Although heart disease remains the leading cause of death in the United States, chances of dying of a heart attack are now at a "historic low" of 12 percent. That's down by more than a third since 1995, according to a new Yale study that analyzed two decades of data on about 4.4 million Medicare patients hospitalized with heart attacks, including deaths within 30 days of heart attacks.
The study also reports that "an increasingly smaller number of people" are having heart attacks - hospitalizations for a heart attack have declined by 38 percent since the mid-1990s. Hospital readmissions and repeat heart attacks also are occurring less often, the study researchers found.
They attribute the declines in part to improved speed of care for heart attack victims, which means getting blocked arteries open much faster. They also note that increased emphasis on lifestyle changes - such as healthier eating to lower cholesterol and more exercise to control blood pressure - may have played a role in the improved statistics.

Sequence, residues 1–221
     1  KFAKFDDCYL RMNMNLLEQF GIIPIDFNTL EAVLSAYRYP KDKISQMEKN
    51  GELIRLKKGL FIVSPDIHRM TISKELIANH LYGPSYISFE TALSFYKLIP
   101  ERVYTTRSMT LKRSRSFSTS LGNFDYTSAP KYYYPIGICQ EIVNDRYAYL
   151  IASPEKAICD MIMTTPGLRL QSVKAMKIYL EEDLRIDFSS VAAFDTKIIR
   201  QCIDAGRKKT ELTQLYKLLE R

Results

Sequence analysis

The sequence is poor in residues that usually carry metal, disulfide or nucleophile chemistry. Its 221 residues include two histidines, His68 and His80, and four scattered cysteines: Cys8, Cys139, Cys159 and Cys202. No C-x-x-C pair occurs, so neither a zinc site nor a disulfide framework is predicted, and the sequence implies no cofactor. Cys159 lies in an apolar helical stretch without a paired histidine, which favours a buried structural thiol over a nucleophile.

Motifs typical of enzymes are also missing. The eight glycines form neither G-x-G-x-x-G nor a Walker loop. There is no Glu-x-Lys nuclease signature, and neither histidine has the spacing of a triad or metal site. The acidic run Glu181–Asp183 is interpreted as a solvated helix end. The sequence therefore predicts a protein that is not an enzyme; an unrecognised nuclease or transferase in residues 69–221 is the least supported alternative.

A heart attack (medically termed a myocardial infarction) occurs when blood flow to the heart becomes blocked, leaving the heart without needed oxygen. This often is caused by a buildup of plaque (cholesterol, fat and other substances) on the inner walls of arteries that lead to the heart.
The most common symptom of a heart attack is chest pain (angina) or discomfort. Some people, especially women, also experience shortness of breath, nausea and discomfort in the arms, back, shoulders or jaw. Symptoms, however, vary from person to person, and some people have mild symptoms or none at all. If you do have symptoms, call 911 right away.